About this Research Topic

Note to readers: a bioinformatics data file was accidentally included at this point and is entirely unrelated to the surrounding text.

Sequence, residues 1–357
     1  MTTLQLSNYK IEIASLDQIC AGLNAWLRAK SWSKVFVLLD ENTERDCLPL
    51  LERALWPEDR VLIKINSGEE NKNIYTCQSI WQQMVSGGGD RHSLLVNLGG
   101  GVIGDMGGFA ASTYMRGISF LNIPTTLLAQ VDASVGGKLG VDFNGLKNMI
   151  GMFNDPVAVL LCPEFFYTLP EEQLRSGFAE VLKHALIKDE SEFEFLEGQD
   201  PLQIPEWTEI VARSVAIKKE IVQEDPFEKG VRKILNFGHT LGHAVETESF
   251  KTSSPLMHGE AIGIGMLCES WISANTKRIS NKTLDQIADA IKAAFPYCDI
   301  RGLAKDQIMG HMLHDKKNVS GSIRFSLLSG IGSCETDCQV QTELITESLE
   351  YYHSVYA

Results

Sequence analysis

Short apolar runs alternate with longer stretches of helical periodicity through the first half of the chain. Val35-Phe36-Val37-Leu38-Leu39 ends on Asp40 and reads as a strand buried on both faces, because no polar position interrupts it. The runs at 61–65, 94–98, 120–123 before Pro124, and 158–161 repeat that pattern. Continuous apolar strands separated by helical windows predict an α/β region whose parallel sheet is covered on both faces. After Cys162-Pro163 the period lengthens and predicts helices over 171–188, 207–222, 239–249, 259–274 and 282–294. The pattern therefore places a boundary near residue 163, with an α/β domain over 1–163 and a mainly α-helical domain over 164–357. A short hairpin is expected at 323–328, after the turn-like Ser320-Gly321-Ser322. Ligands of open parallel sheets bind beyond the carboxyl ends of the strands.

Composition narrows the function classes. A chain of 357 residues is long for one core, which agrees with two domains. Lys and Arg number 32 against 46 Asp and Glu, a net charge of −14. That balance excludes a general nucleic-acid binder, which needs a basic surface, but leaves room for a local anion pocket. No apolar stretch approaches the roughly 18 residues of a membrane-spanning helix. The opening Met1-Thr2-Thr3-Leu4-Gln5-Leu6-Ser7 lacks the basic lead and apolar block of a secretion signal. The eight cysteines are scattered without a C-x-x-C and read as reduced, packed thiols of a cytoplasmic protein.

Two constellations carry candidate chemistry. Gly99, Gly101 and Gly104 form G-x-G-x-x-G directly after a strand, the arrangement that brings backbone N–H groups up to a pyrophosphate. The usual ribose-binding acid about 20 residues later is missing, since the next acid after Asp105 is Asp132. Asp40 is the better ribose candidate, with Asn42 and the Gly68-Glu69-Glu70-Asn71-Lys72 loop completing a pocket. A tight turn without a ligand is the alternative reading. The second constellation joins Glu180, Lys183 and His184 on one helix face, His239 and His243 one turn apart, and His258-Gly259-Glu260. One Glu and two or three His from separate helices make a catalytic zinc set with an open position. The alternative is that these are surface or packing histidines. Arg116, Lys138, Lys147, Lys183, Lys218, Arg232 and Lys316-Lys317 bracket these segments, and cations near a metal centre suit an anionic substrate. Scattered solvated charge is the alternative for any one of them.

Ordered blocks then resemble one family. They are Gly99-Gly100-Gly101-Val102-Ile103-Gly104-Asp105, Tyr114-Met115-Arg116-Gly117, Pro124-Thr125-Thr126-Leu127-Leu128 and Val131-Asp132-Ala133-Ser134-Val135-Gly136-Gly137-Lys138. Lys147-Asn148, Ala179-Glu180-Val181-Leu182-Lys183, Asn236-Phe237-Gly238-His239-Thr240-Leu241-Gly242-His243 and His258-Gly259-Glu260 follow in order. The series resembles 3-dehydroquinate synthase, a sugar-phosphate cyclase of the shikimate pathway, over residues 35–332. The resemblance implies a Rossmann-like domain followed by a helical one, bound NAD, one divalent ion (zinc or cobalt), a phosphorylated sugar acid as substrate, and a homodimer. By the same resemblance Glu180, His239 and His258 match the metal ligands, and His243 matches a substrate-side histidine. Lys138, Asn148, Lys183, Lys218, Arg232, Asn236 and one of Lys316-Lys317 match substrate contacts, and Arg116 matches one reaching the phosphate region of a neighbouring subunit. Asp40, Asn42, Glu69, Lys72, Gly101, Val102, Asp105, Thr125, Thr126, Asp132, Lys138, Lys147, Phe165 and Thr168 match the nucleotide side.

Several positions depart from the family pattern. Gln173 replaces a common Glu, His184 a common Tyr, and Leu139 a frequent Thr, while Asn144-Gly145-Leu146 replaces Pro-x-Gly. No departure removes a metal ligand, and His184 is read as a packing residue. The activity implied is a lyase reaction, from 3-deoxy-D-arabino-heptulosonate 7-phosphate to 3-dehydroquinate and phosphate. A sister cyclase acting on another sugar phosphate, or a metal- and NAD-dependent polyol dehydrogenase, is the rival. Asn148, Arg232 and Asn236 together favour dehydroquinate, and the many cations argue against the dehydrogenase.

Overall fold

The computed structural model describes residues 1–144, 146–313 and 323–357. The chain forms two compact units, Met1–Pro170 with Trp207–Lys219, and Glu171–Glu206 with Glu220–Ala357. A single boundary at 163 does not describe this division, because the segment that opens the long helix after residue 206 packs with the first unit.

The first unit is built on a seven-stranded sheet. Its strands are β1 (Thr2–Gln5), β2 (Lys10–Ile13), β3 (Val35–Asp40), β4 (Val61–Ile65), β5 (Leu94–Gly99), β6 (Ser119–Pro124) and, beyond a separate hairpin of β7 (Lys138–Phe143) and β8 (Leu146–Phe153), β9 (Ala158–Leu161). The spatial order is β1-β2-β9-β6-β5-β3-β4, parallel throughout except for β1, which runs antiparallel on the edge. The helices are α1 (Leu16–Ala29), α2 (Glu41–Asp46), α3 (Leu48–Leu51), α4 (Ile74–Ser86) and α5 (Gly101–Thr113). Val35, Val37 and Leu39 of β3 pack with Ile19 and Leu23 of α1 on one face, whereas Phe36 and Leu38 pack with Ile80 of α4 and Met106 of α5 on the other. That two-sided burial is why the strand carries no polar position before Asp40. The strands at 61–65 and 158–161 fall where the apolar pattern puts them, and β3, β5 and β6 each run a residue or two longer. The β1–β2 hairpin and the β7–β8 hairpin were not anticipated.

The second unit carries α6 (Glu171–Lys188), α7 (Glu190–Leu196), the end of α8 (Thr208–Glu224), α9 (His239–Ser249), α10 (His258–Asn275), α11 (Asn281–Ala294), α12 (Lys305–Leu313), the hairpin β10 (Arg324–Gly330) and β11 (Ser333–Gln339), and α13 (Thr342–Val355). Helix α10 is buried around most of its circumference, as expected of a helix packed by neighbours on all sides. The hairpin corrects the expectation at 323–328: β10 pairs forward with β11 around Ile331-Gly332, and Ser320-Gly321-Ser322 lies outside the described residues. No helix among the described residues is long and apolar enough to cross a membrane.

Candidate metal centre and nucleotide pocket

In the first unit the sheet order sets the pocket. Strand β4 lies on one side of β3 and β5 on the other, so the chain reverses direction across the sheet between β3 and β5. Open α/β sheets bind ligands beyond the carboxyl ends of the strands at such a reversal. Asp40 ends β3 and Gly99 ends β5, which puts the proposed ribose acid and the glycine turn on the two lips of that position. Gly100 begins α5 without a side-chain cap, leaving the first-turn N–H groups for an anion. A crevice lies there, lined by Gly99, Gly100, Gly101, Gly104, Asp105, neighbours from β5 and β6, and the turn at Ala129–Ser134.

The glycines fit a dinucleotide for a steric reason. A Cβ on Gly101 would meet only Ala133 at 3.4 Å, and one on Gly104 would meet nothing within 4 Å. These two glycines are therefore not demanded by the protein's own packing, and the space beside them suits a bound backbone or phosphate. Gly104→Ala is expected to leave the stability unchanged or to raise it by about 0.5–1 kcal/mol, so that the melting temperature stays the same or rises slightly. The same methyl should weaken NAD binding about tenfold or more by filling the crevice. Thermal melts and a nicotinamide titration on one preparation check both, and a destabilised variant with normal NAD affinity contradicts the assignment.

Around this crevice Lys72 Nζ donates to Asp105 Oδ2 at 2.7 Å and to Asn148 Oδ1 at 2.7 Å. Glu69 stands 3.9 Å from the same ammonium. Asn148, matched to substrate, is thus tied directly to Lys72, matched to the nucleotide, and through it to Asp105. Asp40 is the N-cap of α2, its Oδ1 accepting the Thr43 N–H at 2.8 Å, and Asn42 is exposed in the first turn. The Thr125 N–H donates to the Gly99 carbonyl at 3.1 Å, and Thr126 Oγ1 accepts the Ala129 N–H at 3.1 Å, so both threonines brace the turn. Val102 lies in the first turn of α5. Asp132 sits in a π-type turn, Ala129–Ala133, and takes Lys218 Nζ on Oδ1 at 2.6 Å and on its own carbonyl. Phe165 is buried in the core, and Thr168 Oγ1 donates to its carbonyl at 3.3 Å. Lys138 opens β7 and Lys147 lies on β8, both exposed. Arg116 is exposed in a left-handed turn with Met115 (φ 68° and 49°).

Non Invasive Brain stimulation (NIBS) techniques have found and consolidated their position in neuroscience together with brain imaging and electroencephalography (EEG). Until now, Transcranial Magnetic Stimulation (TMS) and Transcranial Direct Current Stimulation (tDCS) are the most used neuro-techniques. Their popularity is due to the unique possibility to establish in the living humans a causal relation between specific cortical areas and perceptual, motor, and cognitive functions, as well as to their ability to modulate these functions. Indeed, several evidence indicate that both techniques are able to induce behavioral changes, likely acting through synaptic plasticity mechanisms. In this context, a new neuromodulatory technique such as Transcranial Alternating Current Stimulation (tACS) has also been shown to induce an enhancement of cognitive performances. More recently, NIBS techniques are also showing the importance of specific oscillatory frequencies delivered on different cortical areas to induce the modulation of different systems, such as visual or somatosensory system. Such a frequency-dependence effects of stimulation has recently opened new perspectives for cognitive rehabilitation. NIBS techniques have been also used in combination with imaging and EEG techniques, in order to accurately localize and then modulate (i.e. enhance) the neural activity of a functional network. In this research topic, we would like to solicit contributions from across cognitive neuroscience, neurophysiology, neurology, psychiatry, neuropsychology and psychophysiology. Contributions must be focused on neuro-enhancement of normal cognitive abilities and/or of dysfunctional processes of patients with cognitive disorders. Investigators are encouraged to introduce new brain stimulation approaches and/or to implement new advanced strategies of cognitive rehabilitation of patients. We encourage submissions of novel experimental research articles, reviews, opinion, methods and theory papers that raise important questions for the field.
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